Jotham then rebukes them further by reminding the people of Shechem how Gideon had fought for them, defending them from the Midianites. Yet here they are committing this treachery against his family and they will be sorely judged for it.
Abimelech’s Demise – [9:22-57]
Everything is going swimmingly for Abimelech for three years as he plays like he is a big shot king. However, God moves in judgment against him. Verse 24 explains how both groups were duplicitous in the murder of Gideon’s sons, “that the violence done to the seventy sons of Jerubbaal might come, and their blood be laid on Abimelech their brother, who killed them, and on the men of Shechem, who strengthened his hands to kill his brothers.”
Setting that judgment into motion, Judges 9:23 says that God sent an evil spirit between Abimelech and the leaders of Shechem. This was more than just a bad feeling of ill will, but a genuine evil spirit, a diabolical being sent to stir up strife. The Bible tells us that the devils are at God’s disposal. We see the devil sent by God to Job, an evil spirit sent to Saul, as well as one sent to stir up the prophets to lie to Ahab so he would go to war and be killed.
It is like the story of the two atheist college students who heard the old lady next door praying every morning asking God to provide for her during the day. One particular morning, they decided to mock her. She had prayed for God to provide her lunch, for she was very poor. Hearing her request through the open window, the two atheists guys went and bought her a bag of groceries. They left it on the front porch, rang the bell, and ran and hid in the bushes by the door. When the poor lady opened the door and saw the groceries, she exclaimed, “Thank You Lord for this food!” The two guys jumped out and said, “God didn’t give you that food, WE DID!” She replied, “The Lord has sent two devils to bring me my food.”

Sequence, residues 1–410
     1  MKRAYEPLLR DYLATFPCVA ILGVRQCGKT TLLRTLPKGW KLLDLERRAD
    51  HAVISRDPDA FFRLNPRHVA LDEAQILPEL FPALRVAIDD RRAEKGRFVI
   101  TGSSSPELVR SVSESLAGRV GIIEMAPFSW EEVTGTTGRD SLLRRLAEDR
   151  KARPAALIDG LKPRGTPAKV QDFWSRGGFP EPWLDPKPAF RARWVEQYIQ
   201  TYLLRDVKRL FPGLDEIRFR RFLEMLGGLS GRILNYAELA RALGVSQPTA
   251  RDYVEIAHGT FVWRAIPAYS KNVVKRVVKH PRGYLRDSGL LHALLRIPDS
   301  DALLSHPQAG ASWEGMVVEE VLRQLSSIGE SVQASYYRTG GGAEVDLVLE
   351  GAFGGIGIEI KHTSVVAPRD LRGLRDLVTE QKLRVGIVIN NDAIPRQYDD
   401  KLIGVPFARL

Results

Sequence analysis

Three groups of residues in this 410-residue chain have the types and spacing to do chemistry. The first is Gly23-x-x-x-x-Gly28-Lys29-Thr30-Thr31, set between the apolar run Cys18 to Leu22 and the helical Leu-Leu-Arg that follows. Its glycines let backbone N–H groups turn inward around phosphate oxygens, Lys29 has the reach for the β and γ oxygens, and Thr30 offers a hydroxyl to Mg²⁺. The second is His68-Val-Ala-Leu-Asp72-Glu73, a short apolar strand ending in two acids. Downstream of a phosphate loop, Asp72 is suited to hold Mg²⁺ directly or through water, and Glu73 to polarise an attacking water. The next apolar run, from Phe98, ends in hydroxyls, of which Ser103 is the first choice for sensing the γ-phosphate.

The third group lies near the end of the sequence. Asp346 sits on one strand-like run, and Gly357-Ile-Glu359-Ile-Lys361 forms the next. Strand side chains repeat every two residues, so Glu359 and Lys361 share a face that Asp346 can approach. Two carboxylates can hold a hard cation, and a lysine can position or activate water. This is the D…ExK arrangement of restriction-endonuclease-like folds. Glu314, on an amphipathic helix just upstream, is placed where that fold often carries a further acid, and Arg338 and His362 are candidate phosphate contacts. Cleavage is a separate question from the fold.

The strife stirred up by this evil spirit resulted in two events.
First, the men of Shechem would lay in ambush against anyone travelling to see Abimelech and rob them. Secondly, a man named Gaal came to Shechem and led a rebellion against Abimelech. He openly mocked him and the people of Shechem turned their allegiance from Abimelech to Gaal. Upon seeing this, a man named Zebul, still loyal to Abimelech, sent him word secretly as to what was happening.
Moved by anger, Abimelech gathered his army of men, went to Shechem by night and lay in wait. When the city gates were opened the next morning, they rushed the city. Gaal, caught off guard, mustered a group to meet them to fight, but they were beaten and Gaal fled in fear as to what had happened. Then, the next day, when the people went out into the fields, Abimelech attacked them as well. He killed many of them and the leaders and those remaining fled into the temple of Baal-Berith and their Abimelech trapped them all inside and burned them alive, thus fulfilling Jotham’s parable/prophecy.
Next, Abimelech turns his attention to the neighboring town, Thebez, with the intention of burning them down as well. The people barricade themselves in a strong tower. Intending to lay siege upon the tower and burn it like he had at Shechem, a lady at the top heaved a mill stone, a stone maybe the size of a large brick, that struck Abimelech squarely on the head with enough force to mortally wound him. As he was dying, he commanded a young man to thrust him through with a sword so that his final blow would be from the hand of a man, and not a woman.
And thus ended the self-appointed reign of Abimelech.